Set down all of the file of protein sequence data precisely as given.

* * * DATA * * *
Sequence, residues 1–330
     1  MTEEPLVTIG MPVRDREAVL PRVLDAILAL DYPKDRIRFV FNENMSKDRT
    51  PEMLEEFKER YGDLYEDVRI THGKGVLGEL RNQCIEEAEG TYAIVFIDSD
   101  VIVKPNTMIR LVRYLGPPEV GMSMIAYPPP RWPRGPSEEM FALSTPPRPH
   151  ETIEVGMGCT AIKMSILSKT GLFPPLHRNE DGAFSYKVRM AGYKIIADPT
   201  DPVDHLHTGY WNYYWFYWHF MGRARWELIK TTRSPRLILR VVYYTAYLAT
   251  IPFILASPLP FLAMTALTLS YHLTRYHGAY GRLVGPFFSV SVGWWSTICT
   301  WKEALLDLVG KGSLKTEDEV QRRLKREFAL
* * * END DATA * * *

Sequence, residues 1–330
     1  MTEEPLVTIG MPVRDREAVL PRVLDAILAL DYPKDRIRFV FNENMSKDRT
    51  PEMLEEFKER YGDLYEDVRI THGKGVLGEL RNQCIEEAEG TYAIVFIDSD
   101  VIVKPNTMIR LVRYLGPPEV GMSMIAYPPP RWPRGPSEEM FALSTPPRPH
   151  ETIEVGMGCT AIKMSILSKT GLFPPLHRNE DGAFSYKVRM AGYKIIADPT
   201  DPVDHLHTGY WNYYWFYWHF MGRARWELIK TTRSPRLILR VVYYTAYLAT
   251  IPFILASPLP FLAMTALTLS YHLTRYHGAY GRLVGPFFSV SVGWWSTICT
   301  WKEALLDLVG KGSLKTEDEV QRRLKREFAL